Monday, 17 November 2014

Sidetracked: EQ2

One thing I've noticed on my return to Norrath is that EQ2 players complain a lot. Listening to the General Chat, Auction or Crafting channels reminds me of overhearing conversations in a tea-room somewhere in the Cotswolds as gentlemen and ladies of a certain age and class bemoan the way the world has changed and how much better things were in their day.

Map chat in GW2 is more like being on a bus full of teenagers. There's an excitable buzz and twitter interspersed with lengthy discussions on the relative merits of various classes or builds. Occasionally interruptions, bursts of cod-roleplaying and attempts at humor, spark a mass outbreak of silliness then someone asks "Which is better? Mesmer or Ele?" and off we go again.

Yesterday in EQ2 a lot of the moaning revolved around the relative speed of leveling tradeskills and adventure professions in the new expansion. Crafters always like to present themselves as the poor cousins of adventurers, unloved and uncared for by devs, who none of them craft or understand tradeskills. That used to be a tenable position once upon a time. It did seem for a while as if the tradeskill hat would get plonked on the head of whichever dev didn't dodge fast enough. The crafting component of an expansion was often lackluster and occasionally it even seemed as though the dev unlucky enough to be lumbered with such a low-status job was taking his or her frustrations out on the crafters.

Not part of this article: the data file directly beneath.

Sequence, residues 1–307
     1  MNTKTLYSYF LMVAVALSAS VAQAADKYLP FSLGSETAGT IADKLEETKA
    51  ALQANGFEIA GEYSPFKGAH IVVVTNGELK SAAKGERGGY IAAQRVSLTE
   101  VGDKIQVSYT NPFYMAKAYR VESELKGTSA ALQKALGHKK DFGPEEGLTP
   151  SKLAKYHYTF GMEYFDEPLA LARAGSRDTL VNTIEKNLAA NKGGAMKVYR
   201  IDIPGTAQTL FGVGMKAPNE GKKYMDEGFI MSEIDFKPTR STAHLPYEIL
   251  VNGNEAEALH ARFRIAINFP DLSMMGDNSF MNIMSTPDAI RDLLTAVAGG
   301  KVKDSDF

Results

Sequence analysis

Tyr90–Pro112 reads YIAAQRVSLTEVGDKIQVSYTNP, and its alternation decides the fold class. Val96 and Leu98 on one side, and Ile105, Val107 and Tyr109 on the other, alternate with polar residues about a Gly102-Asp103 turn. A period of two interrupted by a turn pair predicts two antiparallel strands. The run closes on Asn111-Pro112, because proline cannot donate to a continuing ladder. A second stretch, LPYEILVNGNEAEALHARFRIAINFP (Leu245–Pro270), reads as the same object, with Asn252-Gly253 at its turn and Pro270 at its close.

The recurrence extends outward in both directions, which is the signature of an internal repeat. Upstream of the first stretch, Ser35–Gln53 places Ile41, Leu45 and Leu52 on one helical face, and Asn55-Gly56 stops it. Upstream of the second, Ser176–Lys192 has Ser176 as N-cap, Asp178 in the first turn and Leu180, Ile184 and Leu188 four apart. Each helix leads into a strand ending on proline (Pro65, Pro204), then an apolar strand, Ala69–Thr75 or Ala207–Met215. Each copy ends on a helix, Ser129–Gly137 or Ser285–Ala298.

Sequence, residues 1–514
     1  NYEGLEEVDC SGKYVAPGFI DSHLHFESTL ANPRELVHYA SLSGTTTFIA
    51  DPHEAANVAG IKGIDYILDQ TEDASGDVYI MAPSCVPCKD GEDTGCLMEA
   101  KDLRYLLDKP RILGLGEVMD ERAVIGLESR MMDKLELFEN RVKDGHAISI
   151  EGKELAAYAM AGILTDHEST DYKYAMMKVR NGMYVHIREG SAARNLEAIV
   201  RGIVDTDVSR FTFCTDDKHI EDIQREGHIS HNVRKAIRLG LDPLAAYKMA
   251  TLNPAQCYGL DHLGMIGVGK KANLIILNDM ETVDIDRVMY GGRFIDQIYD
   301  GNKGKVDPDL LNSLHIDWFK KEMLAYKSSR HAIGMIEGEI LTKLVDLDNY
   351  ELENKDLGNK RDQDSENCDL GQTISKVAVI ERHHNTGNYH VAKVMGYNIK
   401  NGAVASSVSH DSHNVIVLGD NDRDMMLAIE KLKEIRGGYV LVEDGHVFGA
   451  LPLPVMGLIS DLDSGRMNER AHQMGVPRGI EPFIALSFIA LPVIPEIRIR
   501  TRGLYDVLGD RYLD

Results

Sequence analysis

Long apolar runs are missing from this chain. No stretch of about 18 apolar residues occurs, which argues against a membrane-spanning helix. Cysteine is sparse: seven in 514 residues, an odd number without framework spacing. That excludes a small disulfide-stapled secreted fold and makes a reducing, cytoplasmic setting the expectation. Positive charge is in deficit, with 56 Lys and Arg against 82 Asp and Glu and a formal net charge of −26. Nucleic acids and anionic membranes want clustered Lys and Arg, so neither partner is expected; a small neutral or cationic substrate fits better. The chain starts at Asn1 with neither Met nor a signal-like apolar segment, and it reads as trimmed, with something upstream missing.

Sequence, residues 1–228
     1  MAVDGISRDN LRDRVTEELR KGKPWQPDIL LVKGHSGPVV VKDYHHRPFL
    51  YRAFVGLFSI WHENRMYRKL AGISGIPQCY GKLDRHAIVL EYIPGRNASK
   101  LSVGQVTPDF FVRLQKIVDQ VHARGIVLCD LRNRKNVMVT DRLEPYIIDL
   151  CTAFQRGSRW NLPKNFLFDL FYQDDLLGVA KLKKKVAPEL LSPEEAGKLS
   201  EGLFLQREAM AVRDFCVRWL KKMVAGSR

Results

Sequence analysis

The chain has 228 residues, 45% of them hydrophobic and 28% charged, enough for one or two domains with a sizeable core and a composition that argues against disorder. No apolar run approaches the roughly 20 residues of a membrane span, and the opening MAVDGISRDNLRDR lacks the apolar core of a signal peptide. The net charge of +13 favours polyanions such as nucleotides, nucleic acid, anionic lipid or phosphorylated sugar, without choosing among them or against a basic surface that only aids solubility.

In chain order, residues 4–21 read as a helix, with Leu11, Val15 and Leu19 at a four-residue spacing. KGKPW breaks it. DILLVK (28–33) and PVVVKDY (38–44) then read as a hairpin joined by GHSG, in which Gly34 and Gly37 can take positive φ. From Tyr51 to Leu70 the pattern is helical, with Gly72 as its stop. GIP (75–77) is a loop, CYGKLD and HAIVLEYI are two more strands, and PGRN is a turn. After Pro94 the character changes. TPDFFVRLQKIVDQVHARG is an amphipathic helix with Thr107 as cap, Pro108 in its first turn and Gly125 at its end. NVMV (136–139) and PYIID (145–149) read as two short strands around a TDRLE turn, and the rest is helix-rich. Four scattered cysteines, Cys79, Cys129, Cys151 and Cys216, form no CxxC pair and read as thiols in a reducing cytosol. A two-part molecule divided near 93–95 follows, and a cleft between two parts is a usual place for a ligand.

A ratonga called Skrit? Post-modernism will never go out of fashion.

Then came Domino, whose praises I have sung before. Domino crafts. In game and in real life.  She even blogs about it albeit not very often. Under Domino's thoughtful and intelligent stewardship both Housing and Tradeskills in EQ2 flourished and bloomed. She created a development environment in which crafters learned to expect treatment and respect on a par with what was accorded to adventurers. Not only did every expansion, update and holiday event bring a wealth of new recipes to discover but suddenly crafters had quests too.

And not just the odd quest scattered here and there either. Signature quests and sprawling questlines that spanned the entire level range. Meaty, involving, storyline-driven narrative quests that sometimes felt more like adventuring for pacifists than crafting. It was a golden age and although everyone carried on complaining much the same as they'd always done they were the comfortable, secure complaints of a safe home.

Even after Domino got promoted out of crafting, first to vanish into some nebulous associate producer role then leaving SOE altogether to go to work on Trion's Defiance, the ethos she'd established continued. Tradeskilling had successfully embedded itself as a viable alternative path to run alongside adventuring, not just a dull, if occasionally unavoidable and necessary, backwater.